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How do a special needs trust and an ABLE account differ?

On Behalf of | Jan 13, 2023 | Estate Planning

Part of planning your estate involves organizing your assets and deciding how you will distribute them to your chosen beneficiaries. Sometimes this can be as straightforward as naming a beneficiary in your will, but in some cases it may take more careful planning.

If you have a loved one with special needs, you may consider providing for them with an ABLE account or a special needs (supplementary) trust.

What is a special needs trust?

Special needs trusts enable those with a disability to receive financial support without losing their  government benefits. Because Medicaid and some other government programs require a means test, many people can lose their eligibility if they inherit money. A special needs trust can allow them to have a source of income that does not damage their eligibility.

The two types of special needs trusts are:

  1. Third party: Funded by someone other than the beneficiary, these trusts can be created for individuals other than those with disabilities.

Two ways to set up this trust include:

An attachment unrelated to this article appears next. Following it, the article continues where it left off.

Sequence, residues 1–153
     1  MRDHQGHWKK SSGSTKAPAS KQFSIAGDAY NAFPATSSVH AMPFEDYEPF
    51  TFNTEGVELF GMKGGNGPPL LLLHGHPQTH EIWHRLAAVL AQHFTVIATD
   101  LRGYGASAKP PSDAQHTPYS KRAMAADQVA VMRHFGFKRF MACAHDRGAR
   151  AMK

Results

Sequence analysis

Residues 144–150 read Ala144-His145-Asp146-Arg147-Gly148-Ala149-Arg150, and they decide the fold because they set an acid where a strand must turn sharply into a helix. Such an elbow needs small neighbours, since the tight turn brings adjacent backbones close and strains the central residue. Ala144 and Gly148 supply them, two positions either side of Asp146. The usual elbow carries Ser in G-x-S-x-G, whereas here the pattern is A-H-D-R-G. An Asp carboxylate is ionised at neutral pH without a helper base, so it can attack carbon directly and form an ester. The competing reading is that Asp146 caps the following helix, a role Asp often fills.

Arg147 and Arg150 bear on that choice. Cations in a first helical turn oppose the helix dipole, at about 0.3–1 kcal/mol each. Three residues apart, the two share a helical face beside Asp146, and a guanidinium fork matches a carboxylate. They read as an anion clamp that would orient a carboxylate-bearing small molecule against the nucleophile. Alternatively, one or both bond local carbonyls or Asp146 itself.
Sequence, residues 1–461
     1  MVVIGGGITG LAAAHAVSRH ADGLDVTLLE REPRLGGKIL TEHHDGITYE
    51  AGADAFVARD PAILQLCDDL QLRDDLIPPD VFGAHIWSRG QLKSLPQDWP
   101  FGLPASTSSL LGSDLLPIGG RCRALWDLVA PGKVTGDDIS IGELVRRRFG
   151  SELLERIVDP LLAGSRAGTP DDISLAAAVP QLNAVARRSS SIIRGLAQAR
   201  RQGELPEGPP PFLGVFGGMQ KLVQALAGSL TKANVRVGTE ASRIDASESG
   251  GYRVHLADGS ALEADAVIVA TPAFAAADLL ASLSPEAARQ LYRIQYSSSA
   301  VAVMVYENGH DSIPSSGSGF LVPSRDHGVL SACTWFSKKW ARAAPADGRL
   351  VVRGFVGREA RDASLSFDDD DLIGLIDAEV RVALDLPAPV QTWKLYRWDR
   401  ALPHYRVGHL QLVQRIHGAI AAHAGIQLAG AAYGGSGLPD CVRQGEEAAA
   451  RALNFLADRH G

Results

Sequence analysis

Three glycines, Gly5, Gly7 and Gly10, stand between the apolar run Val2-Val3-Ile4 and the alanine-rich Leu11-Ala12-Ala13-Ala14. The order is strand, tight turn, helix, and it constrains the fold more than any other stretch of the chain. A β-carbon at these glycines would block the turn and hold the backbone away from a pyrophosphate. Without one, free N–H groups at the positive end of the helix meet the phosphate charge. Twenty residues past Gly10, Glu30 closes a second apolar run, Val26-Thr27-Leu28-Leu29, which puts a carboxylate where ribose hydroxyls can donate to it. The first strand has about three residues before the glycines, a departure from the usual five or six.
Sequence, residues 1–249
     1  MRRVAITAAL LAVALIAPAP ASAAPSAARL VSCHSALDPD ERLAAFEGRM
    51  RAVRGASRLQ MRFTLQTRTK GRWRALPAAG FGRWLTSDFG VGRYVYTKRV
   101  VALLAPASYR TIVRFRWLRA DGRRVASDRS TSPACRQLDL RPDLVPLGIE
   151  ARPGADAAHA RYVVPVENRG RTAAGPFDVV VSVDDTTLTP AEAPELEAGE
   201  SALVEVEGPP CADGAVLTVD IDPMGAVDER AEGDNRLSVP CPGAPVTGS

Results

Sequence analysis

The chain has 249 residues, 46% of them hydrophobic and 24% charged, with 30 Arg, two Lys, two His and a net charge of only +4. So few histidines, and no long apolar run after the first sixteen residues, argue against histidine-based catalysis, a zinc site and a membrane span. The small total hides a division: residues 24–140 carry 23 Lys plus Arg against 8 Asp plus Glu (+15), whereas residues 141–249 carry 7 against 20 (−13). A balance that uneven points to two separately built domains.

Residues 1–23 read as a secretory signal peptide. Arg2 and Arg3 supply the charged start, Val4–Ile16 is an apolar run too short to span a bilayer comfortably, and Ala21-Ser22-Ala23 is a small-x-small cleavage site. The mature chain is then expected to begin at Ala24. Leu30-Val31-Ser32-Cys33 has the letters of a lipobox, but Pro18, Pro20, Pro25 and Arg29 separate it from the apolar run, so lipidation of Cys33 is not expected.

1. Stand-alone: Used to financial support loved ones during creator’s lifetime, this trust is not part of a will or trust. Beneficiaries can access funds before creator’s death.
  2. Testamentary trust: Used if leaving the trust as an inheritance. Beneficiaries cannot access the funds prior to creator’s death. The trust contains no funds prior to death.
  1. First party: Funded with the beneficiary’s own assets, this trust serves those with functional needs. The beneficiary must have a disability, be under 65 when trust is established, and must be revocable. They must include a Medicaid repayment provision.
  2. Pooled trusts: Must be set up and managed by a non-profit organization that acts as trustee. These can be either first-party or third-party trusts.

What is an ABLE account?

Pennsylvania offers ABLE accounts as another estate planning option for eligible individuals to save for disability-related expenses without taxation. Provisions regulating these accounts include:

  • Contributions: Limits exist on annual contributions and total amount, but the contributions are deductible from state tax.
  • Investment options: Seven available depending upon risk.
  • Account control: Eligible Individuals must have Authorized Individual manage it. For those unable, a list of Authorized Individuals exists.

Families with special needs members or those whom they believe may need guidance and assistance later in life have tools available. Depending upon the specific circumstances, a special needs trust or ABLE account can help alleviate worry. Attorneys who understand how and when to use these tools can help.

Pennsylvania Bar Association

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